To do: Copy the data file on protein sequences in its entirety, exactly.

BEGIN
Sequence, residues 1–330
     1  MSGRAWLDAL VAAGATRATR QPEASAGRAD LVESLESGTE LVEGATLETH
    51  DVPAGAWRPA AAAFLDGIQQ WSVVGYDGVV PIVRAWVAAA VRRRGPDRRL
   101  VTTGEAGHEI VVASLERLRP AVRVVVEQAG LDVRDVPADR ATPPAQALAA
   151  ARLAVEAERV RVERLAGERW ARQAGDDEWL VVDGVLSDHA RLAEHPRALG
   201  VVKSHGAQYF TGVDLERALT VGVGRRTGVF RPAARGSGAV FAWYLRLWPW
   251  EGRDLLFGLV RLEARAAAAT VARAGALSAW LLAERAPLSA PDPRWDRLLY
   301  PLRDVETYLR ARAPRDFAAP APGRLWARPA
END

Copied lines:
Sequence, residues 1–330
     1  MSGRAWLDAL VAAGATRATR QPEASAGRAD LVESLESGTE LVEGATLETH
    51  DVPAGAWRPA AAAFLDGIQQ WSVVGYDGVV PIVRAWVAAA VRRRGPDRRL
   101  VTTGEAGHEI VVASLERLRP AVRVVVEQAG LDVRDVPADR ATPPAQALAA
   151  ARLAVEAERV RVERLAGERW ARQAGDDEWL VVDGVLSDHA RLAEHPRALG
   201  VVKSHGAQYF TGVDLERALT VGVGRRTGVF RPAARGSGAV FAWYLRLWPW
   251  EGRDLLFGLV RLEARAAAAT VARAGALSAW LLAERAPLSA PDPRWDRLLY
   301  PLRDVETYLR ARAPRDFAAP APGRLWARPA